Fighting Madly and Nobly Against Death

Don Quixote and Going Bovine 
Is the Quest
a) Futile?
b) Full of Tears?
c) Full of Laughter?
d) Awesome?
e) All of the above

     Going Bovine / Libba Bray

Just before dying Alonso Quixano recovers his reason and addresses his family and friends from his deathbed, “I was mad, and now I am sane; I was Don Quixote of La Mancha, and now I am, as I have said, Alonso Quixano the Good. May my repentance and sincerity return me to the esteem your graces once had for me...” Alonso was fifty years old when too much reading—day and night he consumed books of chivalry—and too little sleep deprived him of his reason and he decided to become a knight errant.

Cameron Smith is only sixteen when his study of Don Quixote for the state mandated SPEW (State Prescribed Educational Worthiness) test—Did I mention that Cameron goes to high school in Texas?—is rudely interrupted. His muscles begin to twitch uncontrollably; he collapses in class, after punching a classmate and insulting the teacher. He is diagnosed with Creutzfeldt-Jakob disease. In animals it’s known as mad cow disease. His brain is deteriorating and he will lose control of his muscles and be subject to dementia and delusions. A gang of eight-foot high fire giants have already chased him, and when he tries to flee he finds the way blocked by, a “Big Dude. Black armor glistening like oil. Spiked Helmet, steel visor. Sword. The light bounces off the sword in arcs and hurts my eyes. Sword.”

But all is not frightening or hopeless. In the hospital he is attended by a nurse named Glory, and awakes to meet one of his classmates in the bed next to his, “Paul Ingacio Gonzales, but everyone calls me Gonzo.” Gonzo is a champion gamer and a bit of a hypochondriac, but he shares Cameron’s love of science fiction movies. Cameron also meets someone that he’s glimpsed briefly before. He wakes up to find her standing at the end of his bed. As he describes her, “I take in the torn fishnets, plaid mini-kilt, shiny riveted breastplate with leather straps at the sides… Her wings are a crazy black-and-white-checkered pattern, like they’ve been spray-painted at a body shop to look like hipster sneakers.” Did I mention that her hair is pink?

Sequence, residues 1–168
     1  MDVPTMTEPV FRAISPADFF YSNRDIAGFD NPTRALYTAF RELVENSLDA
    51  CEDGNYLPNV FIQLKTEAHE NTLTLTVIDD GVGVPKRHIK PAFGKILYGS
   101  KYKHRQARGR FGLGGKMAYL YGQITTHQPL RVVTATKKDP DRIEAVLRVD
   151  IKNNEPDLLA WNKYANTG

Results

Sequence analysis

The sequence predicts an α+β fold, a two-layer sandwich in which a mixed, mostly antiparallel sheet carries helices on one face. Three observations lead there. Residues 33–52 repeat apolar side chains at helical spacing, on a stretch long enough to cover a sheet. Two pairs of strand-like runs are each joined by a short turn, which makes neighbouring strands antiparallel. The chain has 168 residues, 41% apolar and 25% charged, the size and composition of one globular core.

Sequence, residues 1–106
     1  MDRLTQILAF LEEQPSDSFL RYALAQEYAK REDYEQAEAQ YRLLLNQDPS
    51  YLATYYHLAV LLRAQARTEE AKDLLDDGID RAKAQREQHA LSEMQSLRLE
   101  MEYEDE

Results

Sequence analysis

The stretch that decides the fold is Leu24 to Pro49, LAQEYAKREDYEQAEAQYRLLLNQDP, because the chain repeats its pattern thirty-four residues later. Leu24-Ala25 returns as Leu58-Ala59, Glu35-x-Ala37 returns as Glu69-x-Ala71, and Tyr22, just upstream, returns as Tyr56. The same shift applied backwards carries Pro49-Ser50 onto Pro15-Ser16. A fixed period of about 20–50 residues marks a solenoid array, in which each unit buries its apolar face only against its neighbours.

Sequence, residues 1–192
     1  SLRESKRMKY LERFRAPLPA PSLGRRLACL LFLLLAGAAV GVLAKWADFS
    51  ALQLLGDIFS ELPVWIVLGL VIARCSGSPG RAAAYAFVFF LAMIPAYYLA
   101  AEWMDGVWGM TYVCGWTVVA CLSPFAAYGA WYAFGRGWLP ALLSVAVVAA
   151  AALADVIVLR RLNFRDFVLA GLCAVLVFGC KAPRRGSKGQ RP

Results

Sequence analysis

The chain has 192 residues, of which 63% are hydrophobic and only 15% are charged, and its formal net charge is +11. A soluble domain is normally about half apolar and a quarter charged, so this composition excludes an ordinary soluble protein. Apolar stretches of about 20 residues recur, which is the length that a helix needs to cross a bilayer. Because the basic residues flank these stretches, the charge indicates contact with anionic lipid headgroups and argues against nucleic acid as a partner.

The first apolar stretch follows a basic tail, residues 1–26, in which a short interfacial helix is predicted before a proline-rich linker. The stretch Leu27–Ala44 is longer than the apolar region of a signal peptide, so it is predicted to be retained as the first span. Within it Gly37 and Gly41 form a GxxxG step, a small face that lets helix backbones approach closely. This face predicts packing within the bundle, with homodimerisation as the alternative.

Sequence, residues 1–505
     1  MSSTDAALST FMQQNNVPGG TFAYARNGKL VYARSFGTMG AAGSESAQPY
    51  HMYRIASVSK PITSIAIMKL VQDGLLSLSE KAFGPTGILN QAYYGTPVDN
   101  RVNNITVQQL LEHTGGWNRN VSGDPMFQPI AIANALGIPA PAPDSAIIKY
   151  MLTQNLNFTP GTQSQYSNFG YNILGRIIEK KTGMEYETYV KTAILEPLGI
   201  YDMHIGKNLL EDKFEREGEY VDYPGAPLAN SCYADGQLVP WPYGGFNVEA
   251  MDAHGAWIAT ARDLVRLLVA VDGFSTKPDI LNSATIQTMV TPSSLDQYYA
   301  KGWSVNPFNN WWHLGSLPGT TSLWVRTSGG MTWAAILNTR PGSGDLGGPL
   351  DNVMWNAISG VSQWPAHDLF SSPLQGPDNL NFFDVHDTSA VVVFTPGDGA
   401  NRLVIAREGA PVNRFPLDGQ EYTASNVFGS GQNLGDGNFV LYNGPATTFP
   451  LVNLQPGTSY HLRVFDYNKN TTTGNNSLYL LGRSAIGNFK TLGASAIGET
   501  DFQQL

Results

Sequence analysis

He blinks his eyes to make the hallucination go away, but she doesn’t. Then she introduces herself as Dulcie, eats the chocolate pudding from his hospital tray, and tries to enlist him in a mission to save the world and maybe himself by tracking down Dr. X, whose travel between dimensions has opened this universe up to forces of dark energy, including the ones now consuming Cameron’s brain. He tells her this is the most random thing he’s ever heard. She tells him that he has to take Gonzo with him because their fates are connected. He counters, “There’s no such thing as fate.” To which she replies, “Except for random fate.” And he figures, it’s better than just sitting in the hospital bed and waiting.

Alonso Quixano’s quest ends with his death. Will Cameron’s quest take him beyond? Did I mention the yard gnome that’s really a Norse god?

Comments

I love, love, love Going

I love, love, love Going Bovine!  I think it is a great book with outrageous characters and hilarious situations and it proves a fabulously experiential read...as though just reading the narrative was an adventure of its own!  Highly recommended :o)

"You think your pains and heartbreaks are unprecendented in the history of the world, but then you read." - James Baldwin